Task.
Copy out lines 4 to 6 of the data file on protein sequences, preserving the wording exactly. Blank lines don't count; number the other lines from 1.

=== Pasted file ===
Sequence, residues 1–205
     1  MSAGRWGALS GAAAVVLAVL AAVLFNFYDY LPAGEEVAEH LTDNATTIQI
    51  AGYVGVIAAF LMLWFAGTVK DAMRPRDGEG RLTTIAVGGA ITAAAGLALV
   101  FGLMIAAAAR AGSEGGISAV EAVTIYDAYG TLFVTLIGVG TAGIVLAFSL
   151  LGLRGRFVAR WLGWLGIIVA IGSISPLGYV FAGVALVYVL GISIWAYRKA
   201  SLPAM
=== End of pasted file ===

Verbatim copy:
   101  FGLMIAAAAR AGSEGGISAV EAVTIYDAYG TLFVTLIGVG TAGIVLAFSL
   151  LGLRGRFVAR WLGWLGIIVA IGSISPLGYV FAGVALVYVL GISIWAYRKA
   201  SLPAM